“African Theology in the 21st Century calls for a baraza, a Swahili word for a gathering meant to address important issues facing the society,” Fr. Opongo said during the launch, adding, “This baraza convocation raises a number of issues through the voices of African theologians who have ‘gathered’ to pay tribute to Prof. Laurenti Magesa.”
By so doing, the Kenyan-born Jesuit Priest says in reference to Fr. Magesa, “Theologians would like to tell him that they have heard what he has been saying in his theological work.”
“African theology within the Church Family of God unfolds as a baraza, a constant quest to converse, analyze, question, explore and articulate everyday concerns,” Fr. Opongo said. He explained, “The choice of this Swahili word to designate the theological task in Africa should be understood as an invitation to do theology the way our communities deal with important issues.”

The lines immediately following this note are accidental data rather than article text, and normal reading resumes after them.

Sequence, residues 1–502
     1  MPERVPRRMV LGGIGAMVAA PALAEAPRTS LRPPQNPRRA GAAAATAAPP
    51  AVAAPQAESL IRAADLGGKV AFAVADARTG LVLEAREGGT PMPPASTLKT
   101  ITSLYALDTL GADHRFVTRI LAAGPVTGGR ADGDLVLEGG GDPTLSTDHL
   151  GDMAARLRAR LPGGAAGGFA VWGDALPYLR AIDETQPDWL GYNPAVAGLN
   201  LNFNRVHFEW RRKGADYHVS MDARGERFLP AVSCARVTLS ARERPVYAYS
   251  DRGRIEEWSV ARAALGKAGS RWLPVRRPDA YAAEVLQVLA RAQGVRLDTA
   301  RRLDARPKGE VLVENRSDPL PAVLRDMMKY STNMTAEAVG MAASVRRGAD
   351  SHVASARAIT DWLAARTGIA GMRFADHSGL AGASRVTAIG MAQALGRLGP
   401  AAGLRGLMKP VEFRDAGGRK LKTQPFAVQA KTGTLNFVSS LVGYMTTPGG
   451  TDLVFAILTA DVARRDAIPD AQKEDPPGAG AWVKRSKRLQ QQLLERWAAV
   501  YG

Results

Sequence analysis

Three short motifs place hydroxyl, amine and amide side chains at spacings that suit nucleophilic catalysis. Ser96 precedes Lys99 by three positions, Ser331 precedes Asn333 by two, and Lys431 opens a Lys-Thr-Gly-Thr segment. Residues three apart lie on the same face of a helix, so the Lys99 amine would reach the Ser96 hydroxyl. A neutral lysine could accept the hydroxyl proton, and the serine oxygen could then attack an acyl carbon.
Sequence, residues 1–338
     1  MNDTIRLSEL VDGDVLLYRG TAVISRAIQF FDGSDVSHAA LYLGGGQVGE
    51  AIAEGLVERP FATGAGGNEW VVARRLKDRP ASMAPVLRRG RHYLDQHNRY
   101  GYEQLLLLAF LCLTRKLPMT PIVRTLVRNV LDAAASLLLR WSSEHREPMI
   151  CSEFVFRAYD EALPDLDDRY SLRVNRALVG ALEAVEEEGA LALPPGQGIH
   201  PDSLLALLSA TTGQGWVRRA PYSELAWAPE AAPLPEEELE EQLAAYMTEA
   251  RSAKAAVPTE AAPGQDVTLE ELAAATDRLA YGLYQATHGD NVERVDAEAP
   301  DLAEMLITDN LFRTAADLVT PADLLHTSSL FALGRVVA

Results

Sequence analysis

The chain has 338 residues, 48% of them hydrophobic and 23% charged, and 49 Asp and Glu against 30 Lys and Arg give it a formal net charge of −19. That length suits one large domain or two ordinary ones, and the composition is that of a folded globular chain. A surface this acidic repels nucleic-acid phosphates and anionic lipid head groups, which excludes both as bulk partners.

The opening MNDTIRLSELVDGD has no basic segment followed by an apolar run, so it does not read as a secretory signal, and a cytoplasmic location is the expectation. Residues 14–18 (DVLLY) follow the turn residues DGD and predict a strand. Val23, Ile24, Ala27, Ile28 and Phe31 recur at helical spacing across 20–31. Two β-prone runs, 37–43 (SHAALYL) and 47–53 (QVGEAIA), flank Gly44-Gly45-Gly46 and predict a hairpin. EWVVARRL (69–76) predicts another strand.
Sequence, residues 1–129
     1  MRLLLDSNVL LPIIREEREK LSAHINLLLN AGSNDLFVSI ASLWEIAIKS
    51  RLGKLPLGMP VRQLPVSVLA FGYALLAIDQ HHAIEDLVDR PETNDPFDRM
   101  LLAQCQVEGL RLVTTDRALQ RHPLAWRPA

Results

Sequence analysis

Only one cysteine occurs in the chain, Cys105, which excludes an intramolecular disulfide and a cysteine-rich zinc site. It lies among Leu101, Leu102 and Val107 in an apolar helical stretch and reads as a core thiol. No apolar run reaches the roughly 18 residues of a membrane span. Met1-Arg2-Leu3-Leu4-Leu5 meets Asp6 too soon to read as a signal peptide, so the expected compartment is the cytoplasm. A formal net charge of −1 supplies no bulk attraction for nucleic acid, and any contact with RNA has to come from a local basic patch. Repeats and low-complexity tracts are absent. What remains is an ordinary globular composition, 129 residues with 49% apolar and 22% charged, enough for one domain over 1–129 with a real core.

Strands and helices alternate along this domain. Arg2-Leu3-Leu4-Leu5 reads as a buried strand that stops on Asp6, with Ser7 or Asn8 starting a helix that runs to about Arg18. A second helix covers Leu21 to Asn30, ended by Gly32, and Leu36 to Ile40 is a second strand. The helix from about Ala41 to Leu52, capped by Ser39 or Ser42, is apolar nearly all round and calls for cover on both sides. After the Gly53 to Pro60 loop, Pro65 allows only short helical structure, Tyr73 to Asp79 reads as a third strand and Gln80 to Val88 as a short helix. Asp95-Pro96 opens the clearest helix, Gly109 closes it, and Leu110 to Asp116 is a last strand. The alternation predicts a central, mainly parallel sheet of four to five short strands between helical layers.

“The Church, in her commitment to evangelization, appreciates and encourages the charism of theologians and their scholarly efforts to advance dialogue with the world of cultures and sciences,” Fr. Opongo said, making reference to Pope Francis’ call to theological dialogue in his Apostolic Exhortation Evangelii Gaudium. He added, “It is this spirit of consistent dialogue that the baraza approach to theology is calling for. Thus, baraza becomes not only a place or a public meeting, but more a methodological concept grounded on life-informed theology.”
In a baraza, the Jesuit Priest noted, “all voices count; all must be listened to. All the issues should be addressed with the aim of fostering greater harmony that brings life - abundant life – to each and everyone in the community.”